I. The Puritan New World vision in the longer schemes of things
English Puritans can be divided into several groups. Most of the Puritans remained in England. They accepted the principle of Oliver Cromwell's Commonwealth, with the Separatists (no affiliation with authority and the English protestant church). They were persecuted and many of them had to run away and come to the New World.
To many Puritans, Christopher Columbus's passage in America was one of the most important historical events as the sign of a bigger historical destiny, as well as Gutemberg's printing press (1456) and the Protestant reformation: 3 events, at the same time geographical, textual and religious, marking the beginning of a New World.
Gutemberg's invention was particularly important for the New -England Protestants for their frequent use of texts (major means of communication). The Puritan society was a unique form of society in the sense that they defined their identity essentially by means of texts. Throughout the 17th century, colonial identity was the product of two things:
- Literature or texts
- And concrete movement in social and geographical space.
This particular form of identity can be seen through different aspects of literary expression: the Puritans used these aspects as sermons, declarations, covenants, controversies and statements of purpose. Therefore, the lasting effect of the printing press on colonial America is to be found in its contribution to the emergence of a national identity based first and foremost on language and writing. It was first by means of publication that America declared to the world its identity as a nation and trough an effect of discourse that she defined proclaimed and projected its past, its present and its future.
II. Realizing the vision: the image of the future played out in the New World
As far as the Puritan world vision is concerned, their conception of their role in the discovery of America is profoundly religious: it's unseparable from the biblical metaphors of the Apocalypse and the coming of the millenium. Indeed, their historical and geographical position in America is closely related to their biblical definition of themselves and of America. In the bigger divine plan, the Puritans are God's chosen people. Their destination, both spiritual and geographical is America, the new Israel that marks the beginning of the millenium. In this context, it's also important to add that the millenium utopianism of the Puritans goes hand in hand with their political and religious beliefs.
Through a characteristic synthesis, the Puritans defined their system as a church-state. They believed this religious political system should be a model for the Christian world. The Puritans considered their historical role in the New World as that of a universal community organized under a "federal" or "national" contract, called a covenant. Therefore, in John Winthrop's words, the new church-state was supposed to be "a city upon a hill", a universal "model of Christian charity" (taken from the sermon he made abroad the ship The Arbella in 1630). But, with the beginning of the Restoration in 1660, the Puritans lost all hope of spreading their universal vision through England. The realization of the Puritans' vision was turned fully toward America and, consciously or unconsciously, the second or third generation of Puritans adopted European metaphors of America, those that they used in their futuristic vision of both land and history.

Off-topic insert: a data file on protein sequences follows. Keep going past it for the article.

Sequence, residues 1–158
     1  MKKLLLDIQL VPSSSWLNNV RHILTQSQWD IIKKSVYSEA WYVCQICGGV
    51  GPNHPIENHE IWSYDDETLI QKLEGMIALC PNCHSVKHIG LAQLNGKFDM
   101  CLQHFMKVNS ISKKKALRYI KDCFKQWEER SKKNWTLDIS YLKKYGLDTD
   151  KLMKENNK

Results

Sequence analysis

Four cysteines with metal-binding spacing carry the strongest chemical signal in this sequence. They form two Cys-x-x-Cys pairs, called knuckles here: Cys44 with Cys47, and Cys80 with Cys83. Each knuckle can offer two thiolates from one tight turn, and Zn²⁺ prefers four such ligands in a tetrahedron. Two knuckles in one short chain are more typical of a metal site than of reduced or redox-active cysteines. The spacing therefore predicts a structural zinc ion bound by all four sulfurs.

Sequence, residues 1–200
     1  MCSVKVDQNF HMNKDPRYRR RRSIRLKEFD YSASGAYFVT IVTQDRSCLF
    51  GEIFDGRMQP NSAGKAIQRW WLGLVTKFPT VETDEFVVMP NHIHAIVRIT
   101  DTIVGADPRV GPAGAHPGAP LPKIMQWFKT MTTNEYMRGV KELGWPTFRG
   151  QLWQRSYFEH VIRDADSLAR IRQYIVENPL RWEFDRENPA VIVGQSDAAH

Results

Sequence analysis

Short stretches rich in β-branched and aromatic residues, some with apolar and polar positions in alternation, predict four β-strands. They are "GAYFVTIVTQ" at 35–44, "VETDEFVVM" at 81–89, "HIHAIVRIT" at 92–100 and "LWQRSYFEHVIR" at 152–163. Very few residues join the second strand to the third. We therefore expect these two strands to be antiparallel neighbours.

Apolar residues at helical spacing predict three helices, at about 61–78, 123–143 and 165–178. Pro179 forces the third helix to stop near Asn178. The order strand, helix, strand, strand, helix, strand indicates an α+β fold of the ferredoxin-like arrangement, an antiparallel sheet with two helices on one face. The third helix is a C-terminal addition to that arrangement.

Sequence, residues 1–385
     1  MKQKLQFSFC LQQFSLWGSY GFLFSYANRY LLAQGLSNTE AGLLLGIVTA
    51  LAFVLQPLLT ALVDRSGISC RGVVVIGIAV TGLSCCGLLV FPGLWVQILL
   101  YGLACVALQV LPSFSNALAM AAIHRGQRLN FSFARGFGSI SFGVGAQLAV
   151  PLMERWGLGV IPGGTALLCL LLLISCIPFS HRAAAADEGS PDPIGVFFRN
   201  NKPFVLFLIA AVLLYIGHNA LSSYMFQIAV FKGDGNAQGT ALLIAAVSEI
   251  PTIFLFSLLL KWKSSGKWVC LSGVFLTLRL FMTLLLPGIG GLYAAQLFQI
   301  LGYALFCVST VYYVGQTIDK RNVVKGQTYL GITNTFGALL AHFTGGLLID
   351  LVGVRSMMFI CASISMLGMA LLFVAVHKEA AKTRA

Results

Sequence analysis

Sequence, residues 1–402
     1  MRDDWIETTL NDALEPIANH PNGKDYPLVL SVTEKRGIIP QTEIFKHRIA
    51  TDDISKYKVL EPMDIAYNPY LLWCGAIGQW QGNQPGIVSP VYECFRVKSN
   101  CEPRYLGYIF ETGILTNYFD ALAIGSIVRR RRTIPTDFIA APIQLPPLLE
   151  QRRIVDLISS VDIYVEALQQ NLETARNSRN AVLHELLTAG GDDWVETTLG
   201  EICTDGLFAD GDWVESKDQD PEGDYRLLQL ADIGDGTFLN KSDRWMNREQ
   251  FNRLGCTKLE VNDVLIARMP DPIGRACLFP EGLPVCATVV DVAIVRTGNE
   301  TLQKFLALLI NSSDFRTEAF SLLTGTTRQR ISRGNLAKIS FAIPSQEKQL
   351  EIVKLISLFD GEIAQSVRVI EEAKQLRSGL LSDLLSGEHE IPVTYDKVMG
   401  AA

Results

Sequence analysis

Thus, the imaginary visions of America as utopia became synonymous with the New Heaven promised by the Revelation (the Apocalypse). In this apocalyptic vision, geographical and literary exploration, textuality and religious imagery are unseparable. These three aspects of the Puritan New World vision represent their most lasting contribution to the American sense of community and identity. From the Declaration of Independence to the notion of the Manifest Destiny (John L. O'Sullivan) to the New Frontier (John F. Kennedy), the USA has always seen its confrontation with the future as a sort of battle of the wilderness: the nation's representation of itself reminds us of the Puritans and their imaginary vision of the New World: the vision of a nation in danger, of a plantation facing a complex and hostile environment, of a unified community gaining strength from the challengers of its environment. Throughout this vision, we found three fundamental elements of American identity:
- The imaginary projection of nature as the scene of an especially American self.
- The representation of a self that uses such a scene to enact a specifically American mode of self-realization (in the future).
- The conscious or unconscious references to biblical imagery and the biblical conception of history: American as a necessary self fulfilling promise.